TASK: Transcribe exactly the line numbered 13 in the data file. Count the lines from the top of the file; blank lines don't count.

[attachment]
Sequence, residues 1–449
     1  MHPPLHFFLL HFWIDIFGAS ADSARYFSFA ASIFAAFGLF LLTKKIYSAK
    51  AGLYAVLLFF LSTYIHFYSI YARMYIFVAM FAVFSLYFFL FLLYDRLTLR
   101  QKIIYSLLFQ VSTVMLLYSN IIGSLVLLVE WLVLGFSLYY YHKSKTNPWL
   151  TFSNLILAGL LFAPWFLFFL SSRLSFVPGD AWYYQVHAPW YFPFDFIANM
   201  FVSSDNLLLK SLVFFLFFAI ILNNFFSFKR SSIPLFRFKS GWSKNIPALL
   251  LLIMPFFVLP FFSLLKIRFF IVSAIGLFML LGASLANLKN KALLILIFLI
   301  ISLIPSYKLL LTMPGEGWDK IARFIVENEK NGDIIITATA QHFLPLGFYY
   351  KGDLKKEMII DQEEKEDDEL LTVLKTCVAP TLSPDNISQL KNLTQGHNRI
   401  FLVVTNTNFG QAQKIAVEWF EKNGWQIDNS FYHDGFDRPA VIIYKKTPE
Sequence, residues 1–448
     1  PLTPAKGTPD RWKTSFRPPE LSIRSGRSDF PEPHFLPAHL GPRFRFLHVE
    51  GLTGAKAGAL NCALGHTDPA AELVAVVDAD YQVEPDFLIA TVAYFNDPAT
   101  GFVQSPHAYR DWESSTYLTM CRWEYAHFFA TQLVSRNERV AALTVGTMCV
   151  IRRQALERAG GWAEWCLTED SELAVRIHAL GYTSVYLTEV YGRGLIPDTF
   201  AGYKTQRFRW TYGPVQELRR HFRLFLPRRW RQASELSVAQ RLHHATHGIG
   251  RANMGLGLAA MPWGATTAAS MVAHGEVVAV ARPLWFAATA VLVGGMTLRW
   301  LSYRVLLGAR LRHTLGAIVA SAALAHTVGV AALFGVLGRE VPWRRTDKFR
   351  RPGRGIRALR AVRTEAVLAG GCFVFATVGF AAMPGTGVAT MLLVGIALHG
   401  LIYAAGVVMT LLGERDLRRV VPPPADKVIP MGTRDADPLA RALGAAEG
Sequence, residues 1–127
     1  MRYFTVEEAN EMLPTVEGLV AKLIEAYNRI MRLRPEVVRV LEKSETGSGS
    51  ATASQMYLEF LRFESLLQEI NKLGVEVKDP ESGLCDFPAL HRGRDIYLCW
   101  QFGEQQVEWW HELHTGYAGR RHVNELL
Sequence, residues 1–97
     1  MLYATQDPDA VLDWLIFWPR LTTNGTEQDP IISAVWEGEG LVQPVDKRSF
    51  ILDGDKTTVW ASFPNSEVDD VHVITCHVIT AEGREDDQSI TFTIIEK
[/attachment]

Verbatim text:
    51  GLTGAKAGAL NCALGHTDPA AELVAVVDAD YQVEPDFLIA TVAYFNDPAT